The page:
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Here is what I noted from the article “Making data analytics work for you – instead of the other way around” by Helen Mayhew, Tamim Saleh and Simon Williams:

[…] Advanced data analytics is a means to an end. It’s a discriminating tool to identify, and then implement, a value-driving answer. And you’re much likelier to land on a meaningful one if you’re clear on the purpose of your data […] and the uses you’ll be putting your data to […]

[…] the insights unleashed by analytics should be at the core of your organisation’s approach to define and improve performance continually as competitive dynamics evolve […]

[…] Ask the right questions. Clarity is essential and so is focus.

[…] Think really small … and very big. […] Identify small points of difference to amplify and exploit. The impact of “big data” analytics is often manifested by thousands – or more – of incrementally small improvements […]

[…] Embrace taboos […] useful data points come in different shapes and sizes […] Too frequently, however, quantitative teams disregard inputs because the quality is poor, inconsistent, or dated and dismiss imperfect information because it doesn’t feel like “data” […] Recording the quality of data – and methodologies used to determine it – is not only a matter of transparency but also a form of risk management […]

[…] Connect the dots […] Too often, organizations drill down on a single data set in isolation but fail to consider what different data sets convey in conjunction […]

[…] Run loops, not lines […] Best-in-class organizations continually test their assumptions, processing new information more accurately and reacting to situations more quickly […] OODA loop – Observe, Orient, Decide, Act […] OODA plus data amplify the effect and accelerate the cycle time.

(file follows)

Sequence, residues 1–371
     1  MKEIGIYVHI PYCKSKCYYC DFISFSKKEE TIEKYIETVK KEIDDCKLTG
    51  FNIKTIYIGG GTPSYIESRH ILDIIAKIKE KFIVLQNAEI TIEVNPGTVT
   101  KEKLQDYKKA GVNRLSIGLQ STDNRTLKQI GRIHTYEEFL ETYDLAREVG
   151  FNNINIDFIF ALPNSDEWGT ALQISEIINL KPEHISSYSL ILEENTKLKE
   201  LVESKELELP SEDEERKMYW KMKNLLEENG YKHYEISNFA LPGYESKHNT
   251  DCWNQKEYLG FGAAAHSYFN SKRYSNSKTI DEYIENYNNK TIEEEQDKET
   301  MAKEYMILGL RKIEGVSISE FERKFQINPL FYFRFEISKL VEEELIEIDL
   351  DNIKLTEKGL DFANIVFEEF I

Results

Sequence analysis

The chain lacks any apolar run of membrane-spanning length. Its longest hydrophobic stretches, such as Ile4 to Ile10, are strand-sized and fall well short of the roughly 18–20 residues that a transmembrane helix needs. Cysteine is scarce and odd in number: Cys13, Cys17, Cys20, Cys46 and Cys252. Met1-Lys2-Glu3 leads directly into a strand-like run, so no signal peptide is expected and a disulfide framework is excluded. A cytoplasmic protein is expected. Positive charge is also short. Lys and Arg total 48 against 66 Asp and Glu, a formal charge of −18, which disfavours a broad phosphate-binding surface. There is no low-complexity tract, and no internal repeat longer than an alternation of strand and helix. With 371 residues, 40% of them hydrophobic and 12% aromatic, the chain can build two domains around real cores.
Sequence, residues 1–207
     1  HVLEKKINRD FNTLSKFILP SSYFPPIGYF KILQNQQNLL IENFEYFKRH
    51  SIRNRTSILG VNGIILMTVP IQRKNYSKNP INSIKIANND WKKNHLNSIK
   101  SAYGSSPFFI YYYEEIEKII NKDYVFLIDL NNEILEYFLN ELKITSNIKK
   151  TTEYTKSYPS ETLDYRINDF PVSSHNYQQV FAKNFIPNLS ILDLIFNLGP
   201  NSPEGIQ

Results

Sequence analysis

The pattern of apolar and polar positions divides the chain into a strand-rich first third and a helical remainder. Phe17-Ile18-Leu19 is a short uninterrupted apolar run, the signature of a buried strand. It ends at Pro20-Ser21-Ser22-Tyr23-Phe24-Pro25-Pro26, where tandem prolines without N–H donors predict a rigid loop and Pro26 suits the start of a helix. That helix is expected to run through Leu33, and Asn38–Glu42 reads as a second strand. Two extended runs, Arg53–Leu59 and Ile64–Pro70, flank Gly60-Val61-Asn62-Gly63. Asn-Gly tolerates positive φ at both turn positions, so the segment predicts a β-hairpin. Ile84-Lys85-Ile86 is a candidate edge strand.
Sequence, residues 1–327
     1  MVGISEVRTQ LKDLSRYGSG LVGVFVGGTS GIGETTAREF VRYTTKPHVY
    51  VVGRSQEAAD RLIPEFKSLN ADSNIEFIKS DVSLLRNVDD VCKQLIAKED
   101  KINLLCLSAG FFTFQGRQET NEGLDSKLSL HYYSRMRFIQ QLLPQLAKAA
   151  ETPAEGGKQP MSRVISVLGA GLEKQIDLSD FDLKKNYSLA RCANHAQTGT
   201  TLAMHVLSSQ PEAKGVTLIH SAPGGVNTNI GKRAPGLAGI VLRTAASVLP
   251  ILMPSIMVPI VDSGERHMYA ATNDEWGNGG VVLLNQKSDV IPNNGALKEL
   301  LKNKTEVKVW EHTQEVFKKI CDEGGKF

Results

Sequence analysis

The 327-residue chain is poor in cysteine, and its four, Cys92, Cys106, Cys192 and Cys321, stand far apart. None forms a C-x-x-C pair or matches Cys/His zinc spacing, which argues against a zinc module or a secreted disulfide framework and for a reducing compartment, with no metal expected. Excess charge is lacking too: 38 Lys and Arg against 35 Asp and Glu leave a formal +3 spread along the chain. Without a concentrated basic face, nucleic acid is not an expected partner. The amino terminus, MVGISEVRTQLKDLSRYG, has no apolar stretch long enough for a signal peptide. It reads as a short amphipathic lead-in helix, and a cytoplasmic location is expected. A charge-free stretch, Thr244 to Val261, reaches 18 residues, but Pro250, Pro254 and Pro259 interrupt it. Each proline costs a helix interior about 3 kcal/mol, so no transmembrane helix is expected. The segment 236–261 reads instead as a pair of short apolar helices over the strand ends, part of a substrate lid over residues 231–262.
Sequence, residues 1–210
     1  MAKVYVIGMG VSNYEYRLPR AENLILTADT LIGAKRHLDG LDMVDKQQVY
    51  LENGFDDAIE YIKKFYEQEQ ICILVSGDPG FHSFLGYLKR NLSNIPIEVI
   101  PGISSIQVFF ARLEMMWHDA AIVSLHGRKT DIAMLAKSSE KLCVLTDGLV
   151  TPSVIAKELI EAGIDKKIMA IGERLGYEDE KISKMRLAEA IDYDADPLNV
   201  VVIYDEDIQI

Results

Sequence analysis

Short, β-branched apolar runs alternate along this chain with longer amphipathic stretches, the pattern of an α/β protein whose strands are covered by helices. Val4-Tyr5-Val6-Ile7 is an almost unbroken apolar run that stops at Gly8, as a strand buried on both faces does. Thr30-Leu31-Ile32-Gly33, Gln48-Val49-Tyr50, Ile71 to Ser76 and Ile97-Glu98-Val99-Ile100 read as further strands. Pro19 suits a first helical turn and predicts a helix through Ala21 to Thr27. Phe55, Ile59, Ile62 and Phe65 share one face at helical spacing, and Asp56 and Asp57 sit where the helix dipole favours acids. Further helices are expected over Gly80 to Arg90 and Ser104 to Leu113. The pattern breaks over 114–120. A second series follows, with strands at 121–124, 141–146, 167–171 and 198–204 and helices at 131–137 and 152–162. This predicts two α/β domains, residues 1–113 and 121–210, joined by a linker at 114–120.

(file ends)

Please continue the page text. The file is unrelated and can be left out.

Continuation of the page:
[…] Make your output usable – and beautiful […] Analytics should be consumable […] organization will respond better to interfaces that make key findings clear and draw users in.

[…] Build a multiskilled team […] Key team members include data scientists […] engineers […] cloud and data architects […] user interface developers […] You also need “translators” – men and women who connect the disciplines of IT and data analytics with business decisions and management.

[…] Make adoption your deliverable […] the best day-one indicator for a successful data-analytics program is not the quality of data at hand, or even the skill-level of personnel in-house, but the commitment of company leadership.

Article provides a nice overview of how-to with regards to organizational and organized approach to big data analytics with some good examples. Italics mean direct quotes from the article. Reach for it.

 

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